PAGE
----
- Background reading – and listening. KKR’s Pete Stavros discusses worker-ownership strategies for manufacturing businesses in ImpactAlpha’s podcast, “This private-equity giant has distributed more than $500 million – to hourly employees.” Philip Reeves and Todd Leverette make the case for employee ownership as a remedy for systemic racism in “Black and brown employee ownership for the post-COVID economy.” Jessica Rose and Hilary Irby offer guidelines for such transactions in “Turning the small business crisis into an opportunity for equitable employee ownership.” And Rose chats with Monique Aiken in this Impact Briefing podcast from August (at 2:13)
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LISC bets on Fearless Fund with $750,000 investment in first-time fund managers. Diverse fund managers are key to getting more capital to entrepreneurs of color, but it can be hard for new funds to break through. Local Initiatives Support Corp., or LISC, is helping launch fund managers of color with early support for first-time managers. LISC is the first institutional investor in Atlanta-based Fearless Fund, launched in February by Arian Simone, Keisha Knight Pulliam, and Ayana Parsons to invest in high-growth ventures run by women of color. Fearless’ portfolio includes rain hat maker HairBrella, data analysis firm Streamlytics and EnrichHER, a lending platform for women. Fearless Fund “had all the ingredients – experience, good access to pipeline. They just didn’t have experience running a fund,” LISC’s George Ashton told ImpactAlpha.
- Show of faith. LISC invested $500,000 of its investable assets and raised another $250,000 via a grant to LISC from Fifth Third Bank’s foundation as a show of faith to help attract more capital to the fund, Ashton said. Fearless Fund has raised its target from a modest $5 million to $20 million.
- Black-led lenders. In June, LISC launched the Black Economic Development Initiative, seeded with $25 million from Netflix, to support Black-led lenders. Such strategies can help close the racial wealth gap and ensure that corporations have a strong future customer base for their products, says Ashton in a guest post on ImpactAlpha. Read the full post.
Ketos catches $18 million to improve industrial water systems. Much of the U.S.’s water infrastructure is out of date, with some communities still relying on pipes from the 19th century. An increasing number of Americans believe their tap water is unsafe to drink. San Jose-based Ketos uses sensors, software and machine learning to alert industrial water and wastewater utilities of contamination. The venture investing arm of Motley Fool led the $15 million equity investment in woman-run Ketos. Citi and Illuminated Funds Group also participated. Silicon Valley Bank chipped in $3 million in debt.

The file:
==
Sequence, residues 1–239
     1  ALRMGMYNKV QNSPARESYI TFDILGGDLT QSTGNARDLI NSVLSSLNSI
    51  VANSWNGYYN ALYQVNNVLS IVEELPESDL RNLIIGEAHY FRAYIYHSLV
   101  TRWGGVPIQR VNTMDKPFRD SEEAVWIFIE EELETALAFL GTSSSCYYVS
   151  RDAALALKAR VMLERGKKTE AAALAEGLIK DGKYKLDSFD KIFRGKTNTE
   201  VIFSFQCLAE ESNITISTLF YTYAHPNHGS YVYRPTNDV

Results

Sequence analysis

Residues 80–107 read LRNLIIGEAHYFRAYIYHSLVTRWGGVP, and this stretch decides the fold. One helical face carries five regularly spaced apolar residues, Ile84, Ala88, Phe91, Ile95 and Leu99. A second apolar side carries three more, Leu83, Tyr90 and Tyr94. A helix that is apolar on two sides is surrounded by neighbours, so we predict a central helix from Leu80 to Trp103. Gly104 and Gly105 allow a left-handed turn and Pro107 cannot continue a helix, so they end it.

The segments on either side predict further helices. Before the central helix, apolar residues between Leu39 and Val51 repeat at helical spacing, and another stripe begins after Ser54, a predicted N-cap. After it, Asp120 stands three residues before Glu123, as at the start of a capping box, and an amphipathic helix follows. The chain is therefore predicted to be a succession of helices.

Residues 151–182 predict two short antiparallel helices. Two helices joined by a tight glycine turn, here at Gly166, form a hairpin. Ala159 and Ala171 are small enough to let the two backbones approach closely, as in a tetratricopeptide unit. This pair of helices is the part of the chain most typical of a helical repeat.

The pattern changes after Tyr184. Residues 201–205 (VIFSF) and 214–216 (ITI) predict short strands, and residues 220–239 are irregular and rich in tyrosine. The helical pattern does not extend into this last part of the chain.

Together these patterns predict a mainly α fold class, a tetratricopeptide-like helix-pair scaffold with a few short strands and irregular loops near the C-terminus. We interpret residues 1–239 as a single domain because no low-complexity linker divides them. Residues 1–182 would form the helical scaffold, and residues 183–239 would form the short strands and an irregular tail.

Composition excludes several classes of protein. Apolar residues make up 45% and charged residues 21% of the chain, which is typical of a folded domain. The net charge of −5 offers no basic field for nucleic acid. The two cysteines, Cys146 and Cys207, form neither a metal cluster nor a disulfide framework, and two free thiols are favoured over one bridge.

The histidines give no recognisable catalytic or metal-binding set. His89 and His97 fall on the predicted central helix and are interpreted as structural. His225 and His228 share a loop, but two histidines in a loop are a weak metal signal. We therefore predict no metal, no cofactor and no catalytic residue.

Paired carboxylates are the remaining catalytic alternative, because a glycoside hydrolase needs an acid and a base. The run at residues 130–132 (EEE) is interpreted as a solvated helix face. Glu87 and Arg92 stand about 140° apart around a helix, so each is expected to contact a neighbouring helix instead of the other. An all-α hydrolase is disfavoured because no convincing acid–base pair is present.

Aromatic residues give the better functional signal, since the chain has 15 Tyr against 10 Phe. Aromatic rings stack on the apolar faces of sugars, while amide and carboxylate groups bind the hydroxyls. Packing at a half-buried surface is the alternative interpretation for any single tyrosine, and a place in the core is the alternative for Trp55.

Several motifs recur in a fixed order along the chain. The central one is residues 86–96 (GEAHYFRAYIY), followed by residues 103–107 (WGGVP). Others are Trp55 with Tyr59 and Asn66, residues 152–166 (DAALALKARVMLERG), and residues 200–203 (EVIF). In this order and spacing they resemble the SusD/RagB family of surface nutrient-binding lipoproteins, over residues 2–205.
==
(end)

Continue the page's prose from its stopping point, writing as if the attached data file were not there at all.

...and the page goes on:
Rockefeller Foundations commits $1 billion to clean energy and healthcare for COVID recovery. The three-year commitment aims to scale distributed renewable energy across emerging markets, boost access to COVID-19 tests and vaccines, and strengthen public health systems to prevent future outbreaks. The New York-based foundation will leverage $700 million in proceeds from a September bond sale, along with endowment capital, to catalyze billions in private and concessional investments. “The time to act is right now to make sure vulnerable children and families are included in the pandemic response and recovery,” said Rockefeller’s Raj Shah. “We need to reimagine the future we want.”
Agents of Impact: Follow the Talent
Marvin Owens, ex- of NAACP, joins Impact Shares as chief engagement officer… Aceli Africa is hiring a head of policy and partnerships in Nairobi or Kampala (see, “Smart subsidies for Africa’s high risk, low return smallholder finance market”)… The Equality Fund seeks a senior manager of investment strategy in Ontario… Aeris is looking for a financial institutions rating analyst.
Thank you for reading.
–Oct. 28, 2020